Chicken, the easiest of all non-fish meats to convince yourself it's okay to eat on moral grounds, is now a little more difficult to rationalize consuming. A new study seems to indicate that the birds can feel empathy—meaning they can theoretically feel the pain and distress of other chickens:
A number of controlled procedures were carried out which involved ruffling the feathers of chicks and mother hens with an air puff.
When chicks were exposed to puffs of air, they showed signs of distress that were mirrored by their mothers. The hens' heart rate increased, their eye temperature lowered - a recognised stress sign - and they became increasingly alert. Levels of preening were reduced, and the hens made more clucking noises directed at their chicks.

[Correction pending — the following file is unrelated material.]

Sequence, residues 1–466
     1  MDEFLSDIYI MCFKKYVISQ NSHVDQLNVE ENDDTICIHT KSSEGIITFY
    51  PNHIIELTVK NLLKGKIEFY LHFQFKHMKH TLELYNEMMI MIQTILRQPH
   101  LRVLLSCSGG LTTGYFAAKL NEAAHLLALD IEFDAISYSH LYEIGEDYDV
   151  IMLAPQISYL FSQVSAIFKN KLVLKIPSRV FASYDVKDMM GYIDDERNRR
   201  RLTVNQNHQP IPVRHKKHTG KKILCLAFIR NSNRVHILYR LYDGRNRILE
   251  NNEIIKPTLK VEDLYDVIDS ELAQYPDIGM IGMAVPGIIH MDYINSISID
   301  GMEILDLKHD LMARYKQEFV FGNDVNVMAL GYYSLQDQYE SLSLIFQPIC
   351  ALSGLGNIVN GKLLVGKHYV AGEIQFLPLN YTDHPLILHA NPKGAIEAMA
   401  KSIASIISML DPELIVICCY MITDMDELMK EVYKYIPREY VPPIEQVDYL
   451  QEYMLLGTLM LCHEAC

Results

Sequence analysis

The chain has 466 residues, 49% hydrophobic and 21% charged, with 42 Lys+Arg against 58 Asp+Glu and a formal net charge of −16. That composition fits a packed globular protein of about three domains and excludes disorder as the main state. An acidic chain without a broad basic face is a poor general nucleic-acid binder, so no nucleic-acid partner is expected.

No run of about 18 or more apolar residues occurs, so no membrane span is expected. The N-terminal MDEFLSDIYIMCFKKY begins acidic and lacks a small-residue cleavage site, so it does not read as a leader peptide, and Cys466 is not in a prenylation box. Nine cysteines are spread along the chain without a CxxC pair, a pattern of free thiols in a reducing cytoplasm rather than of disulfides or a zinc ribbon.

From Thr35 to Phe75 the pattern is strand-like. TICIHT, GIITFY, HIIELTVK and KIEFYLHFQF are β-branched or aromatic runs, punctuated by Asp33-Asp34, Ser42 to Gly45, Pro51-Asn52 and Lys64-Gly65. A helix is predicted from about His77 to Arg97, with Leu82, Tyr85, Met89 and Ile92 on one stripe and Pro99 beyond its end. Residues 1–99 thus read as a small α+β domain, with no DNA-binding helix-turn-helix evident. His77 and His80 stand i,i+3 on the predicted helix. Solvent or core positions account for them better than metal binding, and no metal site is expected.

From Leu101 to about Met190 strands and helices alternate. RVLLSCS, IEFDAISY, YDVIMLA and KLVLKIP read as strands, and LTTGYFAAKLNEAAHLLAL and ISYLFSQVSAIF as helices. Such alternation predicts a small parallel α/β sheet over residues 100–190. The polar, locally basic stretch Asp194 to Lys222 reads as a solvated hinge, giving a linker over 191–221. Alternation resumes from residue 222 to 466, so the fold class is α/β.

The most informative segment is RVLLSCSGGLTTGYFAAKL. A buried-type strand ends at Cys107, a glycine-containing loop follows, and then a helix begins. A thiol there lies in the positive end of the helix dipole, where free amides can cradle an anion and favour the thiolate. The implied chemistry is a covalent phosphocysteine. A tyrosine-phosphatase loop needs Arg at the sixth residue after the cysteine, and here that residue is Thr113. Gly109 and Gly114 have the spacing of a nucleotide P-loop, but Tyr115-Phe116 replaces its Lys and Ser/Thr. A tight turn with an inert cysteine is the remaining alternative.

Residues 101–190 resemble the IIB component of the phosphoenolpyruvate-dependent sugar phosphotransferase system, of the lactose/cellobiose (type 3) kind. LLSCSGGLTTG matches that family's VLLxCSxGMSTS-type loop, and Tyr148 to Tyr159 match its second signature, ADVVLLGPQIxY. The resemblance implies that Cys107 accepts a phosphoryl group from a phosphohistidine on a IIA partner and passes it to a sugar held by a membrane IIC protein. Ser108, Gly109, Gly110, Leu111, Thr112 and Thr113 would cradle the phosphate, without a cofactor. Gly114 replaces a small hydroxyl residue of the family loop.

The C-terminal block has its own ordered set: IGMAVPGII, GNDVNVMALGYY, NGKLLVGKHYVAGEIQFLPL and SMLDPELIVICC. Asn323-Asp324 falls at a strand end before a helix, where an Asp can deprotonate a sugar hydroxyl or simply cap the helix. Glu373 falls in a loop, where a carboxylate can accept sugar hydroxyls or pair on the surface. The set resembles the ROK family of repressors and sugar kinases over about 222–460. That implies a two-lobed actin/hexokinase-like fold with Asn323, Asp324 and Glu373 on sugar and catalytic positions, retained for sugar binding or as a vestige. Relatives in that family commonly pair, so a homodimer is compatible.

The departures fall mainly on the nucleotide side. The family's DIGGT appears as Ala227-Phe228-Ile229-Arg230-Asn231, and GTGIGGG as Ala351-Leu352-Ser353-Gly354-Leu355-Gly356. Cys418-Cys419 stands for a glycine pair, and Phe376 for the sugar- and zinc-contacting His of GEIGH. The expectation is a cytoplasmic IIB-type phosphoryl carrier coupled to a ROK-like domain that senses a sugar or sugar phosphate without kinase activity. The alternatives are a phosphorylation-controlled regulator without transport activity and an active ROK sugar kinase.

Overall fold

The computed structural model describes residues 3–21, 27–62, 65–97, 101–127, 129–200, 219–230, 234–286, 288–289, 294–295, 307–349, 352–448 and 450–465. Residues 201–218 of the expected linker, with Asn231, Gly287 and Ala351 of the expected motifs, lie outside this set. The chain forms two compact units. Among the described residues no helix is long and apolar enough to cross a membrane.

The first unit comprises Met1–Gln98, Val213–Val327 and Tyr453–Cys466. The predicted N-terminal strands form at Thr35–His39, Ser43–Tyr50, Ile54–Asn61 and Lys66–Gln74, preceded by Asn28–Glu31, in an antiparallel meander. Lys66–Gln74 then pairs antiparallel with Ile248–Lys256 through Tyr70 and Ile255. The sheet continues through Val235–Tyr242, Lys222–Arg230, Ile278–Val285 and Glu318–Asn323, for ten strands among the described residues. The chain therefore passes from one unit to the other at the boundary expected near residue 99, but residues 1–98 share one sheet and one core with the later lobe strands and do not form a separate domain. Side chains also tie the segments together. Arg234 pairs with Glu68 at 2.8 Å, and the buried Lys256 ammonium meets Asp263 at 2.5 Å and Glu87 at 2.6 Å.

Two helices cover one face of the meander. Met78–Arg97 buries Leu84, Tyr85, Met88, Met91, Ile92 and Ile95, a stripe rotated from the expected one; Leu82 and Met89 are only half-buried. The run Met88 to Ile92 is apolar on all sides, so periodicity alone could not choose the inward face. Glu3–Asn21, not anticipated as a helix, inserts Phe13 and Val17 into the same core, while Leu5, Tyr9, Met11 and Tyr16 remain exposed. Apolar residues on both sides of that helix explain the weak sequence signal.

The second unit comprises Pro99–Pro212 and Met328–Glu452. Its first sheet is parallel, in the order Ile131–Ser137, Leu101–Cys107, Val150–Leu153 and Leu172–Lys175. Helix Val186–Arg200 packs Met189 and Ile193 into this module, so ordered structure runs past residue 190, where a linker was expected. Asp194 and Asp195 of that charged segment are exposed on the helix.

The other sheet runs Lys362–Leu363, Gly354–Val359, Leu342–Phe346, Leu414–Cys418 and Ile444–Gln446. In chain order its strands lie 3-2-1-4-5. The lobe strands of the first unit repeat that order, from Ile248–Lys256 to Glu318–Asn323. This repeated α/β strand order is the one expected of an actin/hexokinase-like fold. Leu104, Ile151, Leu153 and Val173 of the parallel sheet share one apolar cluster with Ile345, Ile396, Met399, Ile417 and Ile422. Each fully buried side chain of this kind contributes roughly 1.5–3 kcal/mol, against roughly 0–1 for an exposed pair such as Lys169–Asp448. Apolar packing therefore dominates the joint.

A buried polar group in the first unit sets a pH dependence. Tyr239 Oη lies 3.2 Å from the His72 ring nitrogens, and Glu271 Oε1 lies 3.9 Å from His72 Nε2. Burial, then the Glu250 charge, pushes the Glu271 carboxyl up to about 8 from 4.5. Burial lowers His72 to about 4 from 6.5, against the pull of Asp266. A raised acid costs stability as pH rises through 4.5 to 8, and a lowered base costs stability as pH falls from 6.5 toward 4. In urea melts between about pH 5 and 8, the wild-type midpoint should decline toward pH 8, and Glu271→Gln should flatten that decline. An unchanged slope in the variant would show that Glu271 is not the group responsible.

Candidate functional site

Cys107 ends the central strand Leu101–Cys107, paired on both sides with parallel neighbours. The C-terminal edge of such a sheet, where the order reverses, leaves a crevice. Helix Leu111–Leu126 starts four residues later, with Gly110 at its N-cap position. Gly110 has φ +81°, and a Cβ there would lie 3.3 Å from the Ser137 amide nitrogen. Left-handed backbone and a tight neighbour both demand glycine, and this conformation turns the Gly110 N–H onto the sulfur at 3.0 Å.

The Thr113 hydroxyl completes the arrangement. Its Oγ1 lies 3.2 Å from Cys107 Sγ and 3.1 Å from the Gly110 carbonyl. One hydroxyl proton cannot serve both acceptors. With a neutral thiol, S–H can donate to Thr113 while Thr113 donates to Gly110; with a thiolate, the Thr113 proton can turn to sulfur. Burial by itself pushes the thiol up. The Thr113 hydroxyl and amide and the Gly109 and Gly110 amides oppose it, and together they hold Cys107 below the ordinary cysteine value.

Obviously, we'd never suggest that you stop eating chicken (if only because if we did, our email inbox would be filled with over-enthusiastically angry, and unnecessarily macho, missives about how awesome it is to eat meat). Chicken is heart-healthy! It can taste great, if you cook it well. Some of us, on the other hand, are weenie-types who feel weird about killing animals in the first place, let alone animals with the capacity for feeling and empathy! Not that, obviously, it will stop us. It will just make us stay up later at night, thinking about stuff and feeling sad. Which is what empathy is all about.
[Telegraph; image via Shutterstock]